As an SLP who works with young children with significant communication needs, the topic of visual supports is one that I continually re-visit throughout the school year. Everyone’s definition of “visuals” maybe (and probably is) slightly different. Here is mine. Visuals are objects, pictures or written words that help a child understand their environment and live more successfully. They are not communication books but, at times, may be used by a child to express themselves. I will be talking about the classroom, but really they can be used anywhere!
Types of visuals:
1.Visual schedule: Think of this like a daytimer. It helps tells children what to expect during the day or within a specific time of the day.
2. First/then boards: It is typically to help during transition times or complete non-preferred tasks. Typically, they have to do a task that they don’t like, and then a task follows that they do like (e.g. first clean up then gym)
3. How to sequence an activity: This helps a child complete a task more independently. This is really good for routine activities (e.g. going to the bathroom).
4. Choices of objects in the classroom/home: This lets the child know what we have in the classroom to play with or eat at snack. This one will sometimes act as a communication book as the child will touch them to ask for a specific toy, for example.
5. A reminder of rules of the classroom/home/therapy.
6. Pictures, objects or words to support what is being discussed in class. E.g. If talking about Owls and what they eat, having pictures of Owls and their prey.
Who benefits from visuals in a classroom?
In a word, EVERYONE!
Visual supports helps children predict/know what their day or a specific activity will look like. Everyone likes predictability. It helps children with low receptive language skills or children who have difficulty processing spoken messages, or those children with poor memories. This provides extra visual support for them to understand what they need to do. Visual supports helps children who have difficulty with doing activities in a logical order become more independent. Think about the children who flush the toilet then put toilet paper in the bowl. It will cut down on the “nagging,” and that is a good thing! It helps children with poor attention spans. They will know how much longer they need to complete an activity. It often helps re-focus these children.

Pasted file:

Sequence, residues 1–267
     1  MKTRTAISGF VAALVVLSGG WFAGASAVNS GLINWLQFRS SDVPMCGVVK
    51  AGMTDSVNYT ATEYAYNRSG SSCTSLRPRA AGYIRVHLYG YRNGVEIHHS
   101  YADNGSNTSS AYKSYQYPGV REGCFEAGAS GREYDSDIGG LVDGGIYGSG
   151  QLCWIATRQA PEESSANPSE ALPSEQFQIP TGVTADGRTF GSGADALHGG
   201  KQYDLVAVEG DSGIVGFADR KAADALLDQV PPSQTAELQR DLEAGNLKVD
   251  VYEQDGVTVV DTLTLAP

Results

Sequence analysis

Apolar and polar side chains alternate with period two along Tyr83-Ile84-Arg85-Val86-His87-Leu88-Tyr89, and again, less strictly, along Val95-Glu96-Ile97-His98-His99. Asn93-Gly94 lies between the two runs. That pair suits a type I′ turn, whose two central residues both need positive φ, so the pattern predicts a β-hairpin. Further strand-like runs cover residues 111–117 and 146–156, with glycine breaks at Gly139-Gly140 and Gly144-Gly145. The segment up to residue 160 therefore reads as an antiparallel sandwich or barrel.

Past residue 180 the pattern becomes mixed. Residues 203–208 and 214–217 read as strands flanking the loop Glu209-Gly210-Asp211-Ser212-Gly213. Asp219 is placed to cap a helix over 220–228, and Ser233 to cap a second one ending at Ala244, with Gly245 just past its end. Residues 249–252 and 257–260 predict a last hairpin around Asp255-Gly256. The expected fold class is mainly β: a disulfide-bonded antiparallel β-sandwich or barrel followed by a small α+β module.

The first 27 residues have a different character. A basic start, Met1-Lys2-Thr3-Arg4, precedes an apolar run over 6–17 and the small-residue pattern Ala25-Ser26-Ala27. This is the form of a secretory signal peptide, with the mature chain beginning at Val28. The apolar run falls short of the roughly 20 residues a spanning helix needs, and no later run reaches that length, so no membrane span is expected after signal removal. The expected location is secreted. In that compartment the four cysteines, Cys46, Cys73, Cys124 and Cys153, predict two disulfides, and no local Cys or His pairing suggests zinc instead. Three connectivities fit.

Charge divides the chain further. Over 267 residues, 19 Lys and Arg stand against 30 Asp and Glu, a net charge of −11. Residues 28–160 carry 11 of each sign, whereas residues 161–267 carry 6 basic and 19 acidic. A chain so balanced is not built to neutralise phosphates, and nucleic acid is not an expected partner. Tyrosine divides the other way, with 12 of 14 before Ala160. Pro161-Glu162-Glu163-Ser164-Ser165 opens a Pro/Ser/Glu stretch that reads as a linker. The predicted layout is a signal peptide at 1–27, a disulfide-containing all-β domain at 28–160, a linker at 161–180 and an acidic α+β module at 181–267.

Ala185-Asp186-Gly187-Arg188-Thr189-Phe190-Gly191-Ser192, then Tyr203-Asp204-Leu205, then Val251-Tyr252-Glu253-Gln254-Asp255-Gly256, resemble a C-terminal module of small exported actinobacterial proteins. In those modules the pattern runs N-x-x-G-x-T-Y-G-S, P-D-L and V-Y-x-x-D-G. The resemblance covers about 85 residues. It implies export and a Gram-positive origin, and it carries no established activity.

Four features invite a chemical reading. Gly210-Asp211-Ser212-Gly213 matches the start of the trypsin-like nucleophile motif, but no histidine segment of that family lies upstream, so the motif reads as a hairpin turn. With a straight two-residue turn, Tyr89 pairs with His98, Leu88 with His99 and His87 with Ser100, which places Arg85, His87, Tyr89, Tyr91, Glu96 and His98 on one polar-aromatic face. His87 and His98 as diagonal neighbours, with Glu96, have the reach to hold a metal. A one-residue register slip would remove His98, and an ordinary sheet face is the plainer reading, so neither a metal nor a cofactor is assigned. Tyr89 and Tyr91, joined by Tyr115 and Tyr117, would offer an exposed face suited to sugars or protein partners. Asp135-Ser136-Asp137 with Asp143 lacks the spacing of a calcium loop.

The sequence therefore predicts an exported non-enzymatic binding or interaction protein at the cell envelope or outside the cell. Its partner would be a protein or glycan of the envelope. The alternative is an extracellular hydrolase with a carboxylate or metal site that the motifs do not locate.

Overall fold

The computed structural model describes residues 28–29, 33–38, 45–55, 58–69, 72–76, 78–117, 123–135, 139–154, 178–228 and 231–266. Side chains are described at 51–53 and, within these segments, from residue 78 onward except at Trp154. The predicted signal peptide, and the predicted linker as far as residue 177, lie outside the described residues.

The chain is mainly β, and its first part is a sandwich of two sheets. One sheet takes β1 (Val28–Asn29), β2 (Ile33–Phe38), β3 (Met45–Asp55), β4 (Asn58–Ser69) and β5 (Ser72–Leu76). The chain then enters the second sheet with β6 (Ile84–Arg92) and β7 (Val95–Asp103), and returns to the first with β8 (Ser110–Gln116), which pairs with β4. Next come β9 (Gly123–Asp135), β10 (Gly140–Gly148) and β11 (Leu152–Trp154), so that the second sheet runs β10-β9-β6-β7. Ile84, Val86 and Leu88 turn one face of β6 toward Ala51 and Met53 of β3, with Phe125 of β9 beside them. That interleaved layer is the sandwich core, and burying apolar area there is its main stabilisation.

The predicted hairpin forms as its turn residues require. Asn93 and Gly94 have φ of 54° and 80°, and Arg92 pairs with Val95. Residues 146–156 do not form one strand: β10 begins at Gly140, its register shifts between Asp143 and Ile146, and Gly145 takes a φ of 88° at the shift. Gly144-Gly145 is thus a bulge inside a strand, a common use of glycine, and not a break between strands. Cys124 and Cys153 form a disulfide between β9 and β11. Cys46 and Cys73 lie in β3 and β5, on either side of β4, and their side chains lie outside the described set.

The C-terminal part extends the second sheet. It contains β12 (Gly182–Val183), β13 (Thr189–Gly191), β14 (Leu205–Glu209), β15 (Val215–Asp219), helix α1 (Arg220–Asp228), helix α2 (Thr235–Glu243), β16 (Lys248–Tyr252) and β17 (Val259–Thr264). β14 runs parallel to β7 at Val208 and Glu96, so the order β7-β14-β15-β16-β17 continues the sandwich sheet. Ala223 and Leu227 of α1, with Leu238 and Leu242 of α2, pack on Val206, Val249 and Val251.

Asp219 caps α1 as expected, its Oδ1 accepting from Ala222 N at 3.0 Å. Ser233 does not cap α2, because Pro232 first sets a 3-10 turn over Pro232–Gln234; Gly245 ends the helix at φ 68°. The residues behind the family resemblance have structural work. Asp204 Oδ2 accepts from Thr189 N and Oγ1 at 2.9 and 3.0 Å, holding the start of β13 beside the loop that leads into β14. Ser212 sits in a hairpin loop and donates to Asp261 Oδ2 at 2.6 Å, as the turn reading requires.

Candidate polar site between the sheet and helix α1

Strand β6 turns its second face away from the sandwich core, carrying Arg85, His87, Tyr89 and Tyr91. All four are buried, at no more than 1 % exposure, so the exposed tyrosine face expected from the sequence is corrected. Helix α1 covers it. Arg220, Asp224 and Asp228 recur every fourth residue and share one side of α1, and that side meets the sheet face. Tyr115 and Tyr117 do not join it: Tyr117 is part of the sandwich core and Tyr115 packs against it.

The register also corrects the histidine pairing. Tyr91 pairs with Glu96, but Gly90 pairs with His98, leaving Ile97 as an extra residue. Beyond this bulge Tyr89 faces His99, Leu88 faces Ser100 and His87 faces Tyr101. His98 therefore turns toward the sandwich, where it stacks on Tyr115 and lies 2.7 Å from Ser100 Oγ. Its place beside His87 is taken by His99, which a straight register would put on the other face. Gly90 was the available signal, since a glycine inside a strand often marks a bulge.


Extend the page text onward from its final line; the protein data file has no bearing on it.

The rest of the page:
I strongly believe in working in teams. As such, it is essential to talk with the members of your team before you put visuals supports in a classroom. Some topics to discuss:
1. What is feasible in the classroom? What do the team members feel comfortable using? If a team member is not comfortable with it, then it probably won’t be used. If that is the case, then talk about what alternatives they might feel more comfortable with. My experience is that if it helps the child and makes life easier, they will be used.
2.What types of visuals are you going to use, how are you going to use them, and when will you use them? Do you need different visuals for a specific child than the rest of the class?
3. The needs of the classroom will change throughout the year as children’s needs change. As such, you will need to have these conversations more than just at the start of the school year. Some children will need more visual support, and some will need less as the school year progresses.
What are you favourite visual supports? For hints and hacks for making visuals, go here.